Old Warden Tunnel - Nature Reserve

Old Warden Tunnel Nature Reserve

This nature reserve, once part of the railway line between Bedford and Hitchen, is a haven for a wide variety of vegetation and animal life. The scrub and trees provide shelter and food for a number of different species of birds and management is helping to encourage flowers such as the pyramidal orchids and cowslips.

How To Get There By Passenger Transport

Bus: Bedfordshire Bus Info line: 01234 228337, Mon - Fri 8.30am - 5pm
Travel Line: 0870 6082608, 7 days a week, 7am -10pm
Train: National Rail Enquiries: 08457 484950 24 hour service
Click here for the National Rail Enquiries website

How To Get There By Car

The Old Warden Tunnel reserve lies between Cardington and Old Warden. Turn left from the A1 at the roundabout to the north of Biggleswade and follow the signs to Old Warden. From Old Warden follow the signs to Cardington.
Access to the reserve is via the Greensand Ridge path. You may park with care at the roadside near the path.

Start/Finish Point

The reserve is accessed 200m along the Greensand Ridge walk that leaves Bedford Road between Old Warden and Cardington.

Access and General Information

Surface Types: You will walk across surface types of grass or uncultivated earth paths with and without ruts and mud.
Linear Gradient: The steepest linear gradient is steeper than 1:6 at the north-western entry to the reserve.
Cross Falls: The steepest are 1:9 or steeper at the top of the tunnel.
Width Restriction: There is a width restriction of 790mm on the sleeper bridge.
Steps:There are 153 steps down to the tunnel entrance – these have a maximum step height of 230mm.
Barriers: There is one kissing gate with a restriction of less than 1000mm (at the Greensand Ridge entry point) and two 2-step stiles.
Refreshments: None recorded.
Public Toilets: None recorded.
Picnic Tables: None recorded.
Seats: There are one seat overlooking the railway cutting.

Points of Interest

Old Warden Tunnel Nature Reserve contains 2ha/4,95acres of calcareous and neutral grassland, scrub and woodland on a cutting and tunnel constructed to take the London, Midland & Southern Railway’s main line from Bedford to Hitchin. Opened in 1857, the line closed in 1963, but before the rails and sleepers were removed it had a brief moment of fame when part of ‘Those Magnificent Men in their Flying Machines’ was filmed here in 1964. The Wildlife Trust has leased the reserve since about 1973. The Old Warden Tunnel reserve conserves the slopes of the cutting, covered with species-rich calcareous grassland and some scrub, and the north tunnel baulk, created when soil excavated from the tunnel was piled above it The tunnel itself is not part of the reserve and is blocked to permit access only for the bats that roost there.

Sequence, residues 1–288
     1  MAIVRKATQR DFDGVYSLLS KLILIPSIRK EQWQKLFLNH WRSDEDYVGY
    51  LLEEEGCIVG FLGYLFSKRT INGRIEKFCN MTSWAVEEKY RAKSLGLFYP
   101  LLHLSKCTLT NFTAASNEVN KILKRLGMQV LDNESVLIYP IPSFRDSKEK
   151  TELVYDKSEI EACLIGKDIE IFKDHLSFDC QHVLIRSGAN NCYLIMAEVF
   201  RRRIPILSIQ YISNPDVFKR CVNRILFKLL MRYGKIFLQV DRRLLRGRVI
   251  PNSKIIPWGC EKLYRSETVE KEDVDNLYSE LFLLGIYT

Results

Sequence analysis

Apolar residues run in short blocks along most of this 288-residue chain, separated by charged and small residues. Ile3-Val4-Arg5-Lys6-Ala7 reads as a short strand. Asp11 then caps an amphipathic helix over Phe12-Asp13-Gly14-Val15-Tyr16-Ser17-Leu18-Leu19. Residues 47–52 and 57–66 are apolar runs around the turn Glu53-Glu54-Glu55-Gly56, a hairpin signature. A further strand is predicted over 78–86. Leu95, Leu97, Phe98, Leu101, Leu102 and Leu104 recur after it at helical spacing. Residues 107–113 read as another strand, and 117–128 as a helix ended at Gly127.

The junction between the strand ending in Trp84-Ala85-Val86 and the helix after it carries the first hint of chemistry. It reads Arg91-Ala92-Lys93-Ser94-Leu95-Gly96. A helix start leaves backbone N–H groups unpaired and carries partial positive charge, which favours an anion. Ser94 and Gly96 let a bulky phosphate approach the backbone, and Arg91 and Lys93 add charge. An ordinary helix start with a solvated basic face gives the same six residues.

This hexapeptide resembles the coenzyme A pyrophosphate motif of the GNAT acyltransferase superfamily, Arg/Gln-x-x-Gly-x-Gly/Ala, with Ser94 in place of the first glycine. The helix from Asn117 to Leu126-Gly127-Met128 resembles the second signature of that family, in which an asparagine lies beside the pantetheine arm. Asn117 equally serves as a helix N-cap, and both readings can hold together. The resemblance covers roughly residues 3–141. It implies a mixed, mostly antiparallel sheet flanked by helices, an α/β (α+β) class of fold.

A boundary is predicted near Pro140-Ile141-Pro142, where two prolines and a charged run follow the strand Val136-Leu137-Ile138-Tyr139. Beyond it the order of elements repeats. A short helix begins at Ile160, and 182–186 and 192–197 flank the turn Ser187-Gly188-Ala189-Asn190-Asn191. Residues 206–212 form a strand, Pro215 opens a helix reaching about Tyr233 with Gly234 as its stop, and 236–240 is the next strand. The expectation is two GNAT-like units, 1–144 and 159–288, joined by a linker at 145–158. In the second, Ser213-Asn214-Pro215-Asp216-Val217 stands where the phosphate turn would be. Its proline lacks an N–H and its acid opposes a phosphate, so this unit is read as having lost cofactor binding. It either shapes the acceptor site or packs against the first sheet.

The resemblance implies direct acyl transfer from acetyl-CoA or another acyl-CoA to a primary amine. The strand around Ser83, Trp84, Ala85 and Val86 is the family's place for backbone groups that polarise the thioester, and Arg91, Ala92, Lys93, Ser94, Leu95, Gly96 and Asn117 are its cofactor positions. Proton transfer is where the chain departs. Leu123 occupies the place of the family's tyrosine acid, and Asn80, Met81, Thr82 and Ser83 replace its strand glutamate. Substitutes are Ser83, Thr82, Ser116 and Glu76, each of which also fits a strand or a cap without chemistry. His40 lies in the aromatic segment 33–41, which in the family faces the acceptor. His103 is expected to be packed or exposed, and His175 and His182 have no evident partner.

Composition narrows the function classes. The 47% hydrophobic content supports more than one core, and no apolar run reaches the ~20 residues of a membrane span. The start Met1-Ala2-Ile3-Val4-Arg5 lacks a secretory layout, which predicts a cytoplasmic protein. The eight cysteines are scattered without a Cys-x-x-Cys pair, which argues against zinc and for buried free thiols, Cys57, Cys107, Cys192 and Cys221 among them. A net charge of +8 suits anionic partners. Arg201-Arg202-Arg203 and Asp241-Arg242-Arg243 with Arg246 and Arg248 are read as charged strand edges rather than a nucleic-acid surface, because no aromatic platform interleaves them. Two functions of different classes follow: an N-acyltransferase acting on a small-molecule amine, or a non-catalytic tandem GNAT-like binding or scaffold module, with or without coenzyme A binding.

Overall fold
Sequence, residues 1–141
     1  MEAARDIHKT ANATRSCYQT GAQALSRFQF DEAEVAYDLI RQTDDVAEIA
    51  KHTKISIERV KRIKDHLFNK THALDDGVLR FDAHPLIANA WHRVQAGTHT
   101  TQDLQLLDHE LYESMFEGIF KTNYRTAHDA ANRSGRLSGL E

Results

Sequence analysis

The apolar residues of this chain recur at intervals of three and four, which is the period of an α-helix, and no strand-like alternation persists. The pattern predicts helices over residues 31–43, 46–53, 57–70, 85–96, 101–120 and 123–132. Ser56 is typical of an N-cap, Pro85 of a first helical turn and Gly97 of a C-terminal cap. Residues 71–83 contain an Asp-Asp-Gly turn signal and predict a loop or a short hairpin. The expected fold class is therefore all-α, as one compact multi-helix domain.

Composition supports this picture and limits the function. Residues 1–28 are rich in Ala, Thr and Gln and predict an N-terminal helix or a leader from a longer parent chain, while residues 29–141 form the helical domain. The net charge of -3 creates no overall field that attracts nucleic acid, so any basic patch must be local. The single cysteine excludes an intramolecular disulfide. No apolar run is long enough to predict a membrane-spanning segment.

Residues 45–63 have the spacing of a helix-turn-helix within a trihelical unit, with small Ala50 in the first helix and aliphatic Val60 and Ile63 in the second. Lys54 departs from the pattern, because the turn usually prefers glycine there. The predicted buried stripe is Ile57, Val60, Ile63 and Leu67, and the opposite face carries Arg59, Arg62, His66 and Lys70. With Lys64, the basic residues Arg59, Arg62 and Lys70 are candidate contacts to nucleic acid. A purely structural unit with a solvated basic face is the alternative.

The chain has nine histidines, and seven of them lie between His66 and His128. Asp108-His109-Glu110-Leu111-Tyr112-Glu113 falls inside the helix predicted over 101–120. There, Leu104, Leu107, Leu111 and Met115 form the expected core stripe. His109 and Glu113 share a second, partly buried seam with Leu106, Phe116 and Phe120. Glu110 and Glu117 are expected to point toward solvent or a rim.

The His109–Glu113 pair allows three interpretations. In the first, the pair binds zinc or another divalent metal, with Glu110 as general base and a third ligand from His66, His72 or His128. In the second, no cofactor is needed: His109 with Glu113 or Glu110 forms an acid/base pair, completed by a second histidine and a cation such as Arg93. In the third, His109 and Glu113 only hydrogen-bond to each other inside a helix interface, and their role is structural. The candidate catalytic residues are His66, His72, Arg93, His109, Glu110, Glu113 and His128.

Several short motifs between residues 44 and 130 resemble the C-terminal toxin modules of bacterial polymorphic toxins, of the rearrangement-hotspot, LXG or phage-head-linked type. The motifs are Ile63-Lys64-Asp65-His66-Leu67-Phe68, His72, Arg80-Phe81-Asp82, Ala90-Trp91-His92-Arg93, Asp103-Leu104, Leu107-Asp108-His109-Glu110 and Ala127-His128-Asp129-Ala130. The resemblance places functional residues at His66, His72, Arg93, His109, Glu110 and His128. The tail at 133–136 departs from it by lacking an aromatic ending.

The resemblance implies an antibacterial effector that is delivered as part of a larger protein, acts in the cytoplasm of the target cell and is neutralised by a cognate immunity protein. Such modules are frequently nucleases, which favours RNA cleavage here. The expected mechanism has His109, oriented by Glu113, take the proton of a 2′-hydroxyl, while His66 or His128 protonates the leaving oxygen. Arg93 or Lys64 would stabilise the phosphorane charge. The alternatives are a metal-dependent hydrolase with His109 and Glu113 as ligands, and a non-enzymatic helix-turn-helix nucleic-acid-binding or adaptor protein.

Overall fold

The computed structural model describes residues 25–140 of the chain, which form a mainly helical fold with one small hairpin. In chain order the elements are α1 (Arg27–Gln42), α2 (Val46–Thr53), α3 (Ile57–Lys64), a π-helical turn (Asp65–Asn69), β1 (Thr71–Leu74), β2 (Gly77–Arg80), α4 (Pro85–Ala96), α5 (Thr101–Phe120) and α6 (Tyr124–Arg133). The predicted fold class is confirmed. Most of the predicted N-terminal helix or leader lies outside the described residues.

Scrub and trees provide food and shelter for birds, but would soon expand over the grassland if the site was not managed. Regular mowing or scything prevents scrub invasion; the grass cuttings are removed to reduce the levels of nutrients that would favour fast-growing grasses rather than wild flowers.

Rabbits were introduced to Britain from the Mediterranean by the Normans about 1000 years ago. Originally so tender that burrows had to be excavated for them, rabbits are now so common they may do serious damage to woodland and grassland.

Below are some of the plants that indicate calcareous or neutral soils at Old Warden Tunnel.



The Wildlife Trusts, supported by Bedfordshire Growers Ltd. Illustrations by Sarah Wroot.

You can help to protect this and other important sites by joining the Wildlife Trust. If you would like more information about this Nature Reserve or other reserves in Bedfordshire, please contact the Reserves Manager, The Wildlife Trust, Priory Country Park, Barker's Lane, Bedford MK41 9SH or email